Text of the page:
Trindlev.Wheeler

Supreme Court of CaliforniaDec 18, 1943
23 Cal. 2d 330 (Cal. 1943)
23 Cal. 2d 330143 P.2d 932

Docket No. L.A. 18684.

December 18, 1943.

APPEAL from a judgment of the Superior Court of Riverside County. Roy A. Moore, Judge pro tem. Reversed.

Hahn, Graf Ross for Appellant.

Fred O. Reed, Richard L. Kirtland and Henry E. Kappler for Respondent.


This is an appeal by the plaintiff from a judgment entered on a directed verdict for the defendant, a physician, in an action to recover damages for alleged negligence in the treatment of an ankle injury.

The plaintiff had been employed for over thirty-five years as a teacher in the schools at Indianapolis, Indiana. While spending her vacation with her sister in Riverside, California, she sprained and resprained her ankle. Some twenty years previously the same ankle had been broken and the X-ray revealed signs of enlargement and traumatic arthritis. When she sustained the recent sprains she consulted the defendant, who was practicing his profession in Riverside. He prescribed diathermy as treatment for the injury. He accompanied the plaintiff into the treatment room adjoining his office and instructed a nurse trained and experienced in such treatments to apply diathermy to the ankle at 3,000 milliamperes for twenty minutes. The plaintiff's shoe and stocking were removed, she was placed in a recumbent position on a bed, and the nurse proceeded to adjust the electrodes to the ankle. The electrodes were encased in rubber pads. A folded towel was wrapped around each electrode, and the plaintiff's ankle placed between them. The electrodes were held in position by small bags of sand. They were connected to the diathermy machine by wires. The nurse set the dial at 3,000 milliamperes for a twenty-minute treatment. Both the doctor and the nurse left the room and shut the door.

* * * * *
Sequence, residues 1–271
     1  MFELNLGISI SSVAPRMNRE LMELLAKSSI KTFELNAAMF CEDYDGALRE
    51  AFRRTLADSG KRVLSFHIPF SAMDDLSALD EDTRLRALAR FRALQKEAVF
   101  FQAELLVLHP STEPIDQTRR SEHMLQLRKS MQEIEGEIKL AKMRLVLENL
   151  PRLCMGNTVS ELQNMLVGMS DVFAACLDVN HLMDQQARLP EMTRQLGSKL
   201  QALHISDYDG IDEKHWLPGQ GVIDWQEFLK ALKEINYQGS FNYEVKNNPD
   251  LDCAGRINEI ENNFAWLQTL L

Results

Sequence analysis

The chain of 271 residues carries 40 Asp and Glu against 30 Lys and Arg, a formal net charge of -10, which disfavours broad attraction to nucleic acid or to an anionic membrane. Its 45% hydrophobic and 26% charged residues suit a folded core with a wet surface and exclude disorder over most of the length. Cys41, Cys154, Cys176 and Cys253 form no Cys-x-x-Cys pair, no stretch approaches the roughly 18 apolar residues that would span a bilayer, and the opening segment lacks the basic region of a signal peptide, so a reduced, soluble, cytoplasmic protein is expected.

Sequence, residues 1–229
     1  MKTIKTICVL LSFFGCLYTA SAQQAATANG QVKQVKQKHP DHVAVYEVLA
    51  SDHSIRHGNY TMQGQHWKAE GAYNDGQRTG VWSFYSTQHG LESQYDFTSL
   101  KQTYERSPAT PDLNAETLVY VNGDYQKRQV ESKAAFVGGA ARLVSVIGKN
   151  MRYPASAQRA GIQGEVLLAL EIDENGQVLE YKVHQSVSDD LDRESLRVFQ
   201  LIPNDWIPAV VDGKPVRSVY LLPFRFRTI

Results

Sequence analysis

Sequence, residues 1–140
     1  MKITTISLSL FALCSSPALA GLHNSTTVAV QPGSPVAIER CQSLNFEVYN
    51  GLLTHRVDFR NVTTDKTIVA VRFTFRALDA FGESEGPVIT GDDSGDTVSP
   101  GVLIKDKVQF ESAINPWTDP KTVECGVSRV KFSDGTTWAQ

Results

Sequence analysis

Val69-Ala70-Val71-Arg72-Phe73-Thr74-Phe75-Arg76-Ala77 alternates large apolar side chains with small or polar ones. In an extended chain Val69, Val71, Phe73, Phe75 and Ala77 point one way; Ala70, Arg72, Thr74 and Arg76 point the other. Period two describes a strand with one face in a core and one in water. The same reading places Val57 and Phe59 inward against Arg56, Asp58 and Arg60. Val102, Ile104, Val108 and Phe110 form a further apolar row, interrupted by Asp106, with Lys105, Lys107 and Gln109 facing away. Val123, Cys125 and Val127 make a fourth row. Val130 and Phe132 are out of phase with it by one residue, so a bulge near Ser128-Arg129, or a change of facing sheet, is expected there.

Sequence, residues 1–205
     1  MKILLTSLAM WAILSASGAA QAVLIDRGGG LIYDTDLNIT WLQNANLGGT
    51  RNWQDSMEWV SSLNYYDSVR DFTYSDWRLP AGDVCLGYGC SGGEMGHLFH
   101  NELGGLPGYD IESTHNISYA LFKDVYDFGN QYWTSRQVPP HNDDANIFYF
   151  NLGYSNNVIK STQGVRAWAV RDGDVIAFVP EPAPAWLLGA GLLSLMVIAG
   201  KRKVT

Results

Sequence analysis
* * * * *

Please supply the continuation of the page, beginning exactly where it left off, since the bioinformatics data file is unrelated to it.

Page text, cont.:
The plaintiff testified that she was given no instruction by the defendant or the nurse; that after the lapse of a few minutes the ankle became uncomfortably hot, and that when the heat had become unbearable she called for help. The defendant immediately entered the room and turned off the machine which at that point registered 3,500 milliamperes. Eight minutes had elapsed from the beginning of the treatment until the time when defendant turned off the machine. The machine in that time had jumped to 3,500 milliamperes. The plaintiff sustained a burn on her ankle about the size of a half dollar or a dollar. According to the testimony of the defendant and his assistants a small table adjacent to the head of the bed on which plaintiff was lying was provided with a push button for the use of diathermy patients. The nurse testified that she pointed out the buzzer to the plaintiff and told her to call if the heat became uncomfortable, and that such instructions were customarily given to every diathermy patient. The plaintiff testified that the push button was not pointed out and that no such instruction was given to her.

The defendant and the nurses applied ointment to the burned area and bandaged the ankle. Defendant subsequently treated the burn until he believed it to be completely healed. Plaintiff does not contend that there was any negligence in diagnosis or in prescribing diathermy as treatment; nor did she offer any proof that the method of the treatment of the burn itself was improper. Her case depends entirely upon a showing of negligence by the defendant in administering the diathermic treatment whereby she suffered injury. That the plaintiff sustained some injury as the result of the treatment was established by the evidence. How much permanent disability is the result of the burn caused by the treatment and how much is due to injury or conditions which were not immediately under treatment by the defendant are not questions which require review on this appeal. The sole consideration is whether, disregarding conflicting evidence, and giving to the evidence tending to establish negligence in the administration of the treatment all the value to which it is legally entitled, there is evidence of sufficient substantiality to support a verdict in favor of the plaintiff. ( Estate of Lances, 216 Cal. 397 [ 14 P.2d 768]; Engstrom v. Auburn Auto Sales Corp., 11 Cal.2d 64 [ 77 P.2d 1059].)

[1] The law requires that the physician shall have the degree of learning and skill ordinarily possessed by physicians of good standing practicing in the same locality and that he shall use ordinary care and diligence in applying that learning and skill to the treatment of his patient. [2] Whether he has done so in a particular case is generally a question for experts and can be established only by their testimony unless the matter in issue is within the common knowledge of laymen. ( Engelking v. Carlson, 13 Cal.2d 216 [ 88 P.2d 695].)